Bad to worse in UP as parties play with fire

  • Hindustan Times
  • Updated: Aug 25, 2014 22:23 IST

There seems to be no limit to how much one can despair about Uttar Pradesh these days. Communal tensions, rapes, breakdown of law and order are what we hear far more of than efforts to tackle its serious governance deficits. The state’s political leaders and authorities have consistently let down UP’s population — which at an estimated 204 million is more than Brazil’s and greater than South Africa, South Korea, Spain and Kenya combined.

The recent controversy about the so-called ‘love jihad’, which alleges that Muslim men lure Hindu women in a concerted fashion is another sign of the deplorable rhetoric that marks UP’s politics. BJP state leaders have been talking about this alleged phenomenon and while the party did not explicitly use the phrase in its political resolution at the state executive meeting on Sunday, it did say that “the rape of women of a particular community and involvement of people from another particular community... is either a coincidence or done in a planned manner”. The ruling party really has to rise above such rhetoric to avoid worsening communal tensions that have become pronounced over the last couple of years. Such allegations further vitiate the atmosphere and have been shown to have no basis in fact.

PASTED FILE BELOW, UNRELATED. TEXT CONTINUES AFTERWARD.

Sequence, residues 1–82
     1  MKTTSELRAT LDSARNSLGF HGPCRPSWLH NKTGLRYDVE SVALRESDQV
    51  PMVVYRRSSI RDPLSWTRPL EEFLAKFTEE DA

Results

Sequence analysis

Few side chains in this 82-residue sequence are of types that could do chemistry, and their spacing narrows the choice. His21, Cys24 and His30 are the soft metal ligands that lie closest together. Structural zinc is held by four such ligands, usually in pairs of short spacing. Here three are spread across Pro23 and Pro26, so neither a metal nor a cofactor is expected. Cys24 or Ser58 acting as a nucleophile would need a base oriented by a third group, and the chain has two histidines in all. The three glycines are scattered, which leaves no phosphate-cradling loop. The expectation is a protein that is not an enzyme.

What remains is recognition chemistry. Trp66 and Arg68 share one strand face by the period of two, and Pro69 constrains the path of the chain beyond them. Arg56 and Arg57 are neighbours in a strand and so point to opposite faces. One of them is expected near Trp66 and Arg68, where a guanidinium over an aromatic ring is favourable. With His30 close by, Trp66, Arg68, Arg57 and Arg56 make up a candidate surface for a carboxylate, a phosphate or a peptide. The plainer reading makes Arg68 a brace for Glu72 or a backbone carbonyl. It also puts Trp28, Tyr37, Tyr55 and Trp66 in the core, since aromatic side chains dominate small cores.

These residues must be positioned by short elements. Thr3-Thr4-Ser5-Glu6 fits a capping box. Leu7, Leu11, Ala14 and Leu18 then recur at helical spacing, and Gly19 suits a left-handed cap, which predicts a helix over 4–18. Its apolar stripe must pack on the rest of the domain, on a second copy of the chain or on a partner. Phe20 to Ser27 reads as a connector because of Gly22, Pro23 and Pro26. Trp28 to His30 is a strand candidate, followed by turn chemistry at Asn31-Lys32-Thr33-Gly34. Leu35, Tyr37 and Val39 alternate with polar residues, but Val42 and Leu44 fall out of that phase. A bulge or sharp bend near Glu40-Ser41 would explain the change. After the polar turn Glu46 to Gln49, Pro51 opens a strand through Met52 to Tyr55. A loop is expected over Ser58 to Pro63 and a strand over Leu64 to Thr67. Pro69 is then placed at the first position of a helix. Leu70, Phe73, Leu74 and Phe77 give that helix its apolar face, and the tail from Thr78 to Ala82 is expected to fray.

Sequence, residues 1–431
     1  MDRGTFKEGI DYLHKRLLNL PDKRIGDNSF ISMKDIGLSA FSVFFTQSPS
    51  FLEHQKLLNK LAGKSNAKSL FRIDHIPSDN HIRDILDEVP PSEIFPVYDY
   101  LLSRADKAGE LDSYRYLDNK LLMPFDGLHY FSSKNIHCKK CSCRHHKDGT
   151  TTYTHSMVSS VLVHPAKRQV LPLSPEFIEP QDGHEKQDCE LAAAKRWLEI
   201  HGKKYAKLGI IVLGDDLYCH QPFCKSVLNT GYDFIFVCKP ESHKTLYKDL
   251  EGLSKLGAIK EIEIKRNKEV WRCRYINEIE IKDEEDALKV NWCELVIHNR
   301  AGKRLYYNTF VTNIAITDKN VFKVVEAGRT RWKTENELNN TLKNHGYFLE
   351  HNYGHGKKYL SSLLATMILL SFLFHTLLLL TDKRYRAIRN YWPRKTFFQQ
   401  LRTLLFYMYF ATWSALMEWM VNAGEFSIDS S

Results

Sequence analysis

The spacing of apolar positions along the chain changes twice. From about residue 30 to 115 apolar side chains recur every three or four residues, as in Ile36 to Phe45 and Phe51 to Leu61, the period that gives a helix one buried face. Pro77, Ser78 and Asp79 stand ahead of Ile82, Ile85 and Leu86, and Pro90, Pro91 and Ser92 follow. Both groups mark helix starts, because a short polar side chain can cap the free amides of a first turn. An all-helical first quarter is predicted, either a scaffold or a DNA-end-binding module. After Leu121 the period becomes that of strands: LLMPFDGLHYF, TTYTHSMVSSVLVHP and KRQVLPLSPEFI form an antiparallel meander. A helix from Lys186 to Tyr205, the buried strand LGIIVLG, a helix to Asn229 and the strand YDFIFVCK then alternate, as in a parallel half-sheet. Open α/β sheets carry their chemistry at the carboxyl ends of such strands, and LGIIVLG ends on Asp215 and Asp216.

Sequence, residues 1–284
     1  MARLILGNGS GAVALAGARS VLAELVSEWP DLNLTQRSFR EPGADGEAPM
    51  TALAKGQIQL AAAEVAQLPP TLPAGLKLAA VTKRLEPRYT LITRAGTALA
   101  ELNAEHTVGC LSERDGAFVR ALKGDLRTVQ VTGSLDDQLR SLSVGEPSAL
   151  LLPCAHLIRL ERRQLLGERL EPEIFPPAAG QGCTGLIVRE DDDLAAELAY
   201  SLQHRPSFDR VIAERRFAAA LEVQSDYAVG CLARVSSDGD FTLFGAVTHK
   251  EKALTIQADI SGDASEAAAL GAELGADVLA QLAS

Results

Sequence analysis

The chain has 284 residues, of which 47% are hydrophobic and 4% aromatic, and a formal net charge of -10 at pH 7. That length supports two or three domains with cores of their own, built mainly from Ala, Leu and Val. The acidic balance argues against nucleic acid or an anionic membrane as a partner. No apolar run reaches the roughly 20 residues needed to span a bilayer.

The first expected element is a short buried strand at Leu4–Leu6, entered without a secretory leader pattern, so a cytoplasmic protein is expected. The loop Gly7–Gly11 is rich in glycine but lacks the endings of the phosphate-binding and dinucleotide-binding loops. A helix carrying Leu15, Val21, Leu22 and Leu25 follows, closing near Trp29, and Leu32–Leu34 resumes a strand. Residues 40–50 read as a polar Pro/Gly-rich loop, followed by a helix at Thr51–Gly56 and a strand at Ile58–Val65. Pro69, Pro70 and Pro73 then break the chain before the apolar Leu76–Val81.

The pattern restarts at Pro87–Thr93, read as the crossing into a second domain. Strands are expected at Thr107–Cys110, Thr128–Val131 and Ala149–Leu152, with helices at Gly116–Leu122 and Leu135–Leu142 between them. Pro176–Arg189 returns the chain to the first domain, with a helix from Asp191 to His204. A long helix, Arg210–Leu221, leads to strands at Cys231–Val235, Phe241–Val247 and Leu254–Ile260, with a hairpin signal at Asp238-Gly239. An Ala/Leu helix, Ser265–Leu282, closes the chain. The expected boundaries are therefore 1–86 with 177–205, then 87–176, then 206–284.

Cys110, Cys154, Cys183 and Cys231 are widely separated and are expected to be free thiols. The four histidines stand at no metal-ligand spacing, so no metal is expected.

Meanwhile, chief minister Akhilesh Yadav has showcased little by way of his government’s achievements and is more focused on trading barbs with the BJP. He needlessly picked on the BJP’s Mathura MP Hema Malini for acting in a movie long ago that featured an inter-religious relationship. Mr Yadav would do well to focus on recovering the reputation of his government that has been seriously dented in recent months. Millions of TV viewers recently saw a woman in Meerut beat up goons in an effort to save her husband, while the public and a policeman looked on. The UP Police is allegedly not taking action against all the accused owing to their proximity to a political leader. Mr Yadav must come to terms with what such high profile incidents do for confidence in his government — and the state’s political class needs to desperately restore civility in its discourse.

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